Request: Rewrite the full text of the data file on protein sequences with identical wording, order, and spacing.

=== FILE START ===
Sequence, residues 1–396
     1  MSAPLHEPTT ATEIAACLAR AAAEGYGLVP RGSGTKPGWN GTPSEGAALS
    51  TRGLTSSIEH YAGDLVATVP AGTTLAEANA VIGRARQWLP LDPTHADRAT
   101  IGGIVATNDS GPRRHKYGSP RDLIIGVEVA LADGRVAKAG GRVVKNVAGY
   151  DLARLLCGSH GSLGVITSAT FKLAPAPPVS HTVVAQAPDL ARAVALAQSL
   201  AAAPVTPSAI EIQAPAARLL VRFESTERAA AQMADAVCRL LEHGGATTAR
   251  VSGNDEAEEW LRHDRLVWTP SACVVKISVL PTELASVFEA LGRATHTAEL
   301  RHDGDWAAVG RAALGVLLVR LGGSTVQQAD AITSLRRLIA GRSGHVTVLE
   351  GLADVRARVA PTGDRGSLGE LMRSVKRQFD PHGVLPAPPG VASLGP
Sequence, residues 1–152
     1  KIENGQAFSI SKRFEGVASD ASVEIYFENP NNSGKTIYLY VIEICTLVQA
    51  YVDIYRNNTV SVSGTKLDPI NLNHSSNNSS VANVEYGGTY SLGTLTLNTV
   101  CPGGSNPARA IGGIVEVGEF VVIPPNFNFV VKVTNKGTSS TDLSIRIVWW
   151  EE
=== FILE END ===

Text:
Sequence, residues 1–396
     1  MSAPLHEPTT ATEIAACLAR AAAEGYGLVP RGSGTKPGWN GTPSEGAALS
    51  TRGLTSSIEH YAGDLVATVP AGTTLAEANA VIGRARQWLP LDPTHADRAT
   101  IGGIVATNDS GPRRHKYGSP RDLIIGVEVA LADGRVAKAG GRVVKNVAGY
   151  DLARLLCGSH GSLGVITSAT FKLAPAPPVS HTVVAQAPDL ARAVALAQSL
   201  AAAPVTPSAI EIQAPAARLL VRFESTERAA AQMADAVCRL LEHGGATTAR
   251  VSGNDEAEEW LRHDRLVWTP SACVVKISVL PTELASVFEA LGRATHTAEL
   301  RHDGDWAAVG RAALGVLLVR LGGSTVQQAD AITSLRRLIA GRSGHVTVLE
   351  GLADVRARVA PTGDRGSLGE LMRSVKRQFD PHGVLPAPPG VASLGP
Sequence, residues 1–152
     1  KIENGQAFSI SKRFEGVASD ASVEIYFENP NNSGKTIYLY VIEICTLVQA
    51  YVDIYRNNTV SVSGTKLDPI NLNHSSNNSS VANVEYGGTY SLGTLTLNTV
   101  CPGGSNPARA IGGIVEVGEF VVIPPNFNFV VKVTNKGTSS TDLSIRIVWW
   151  EE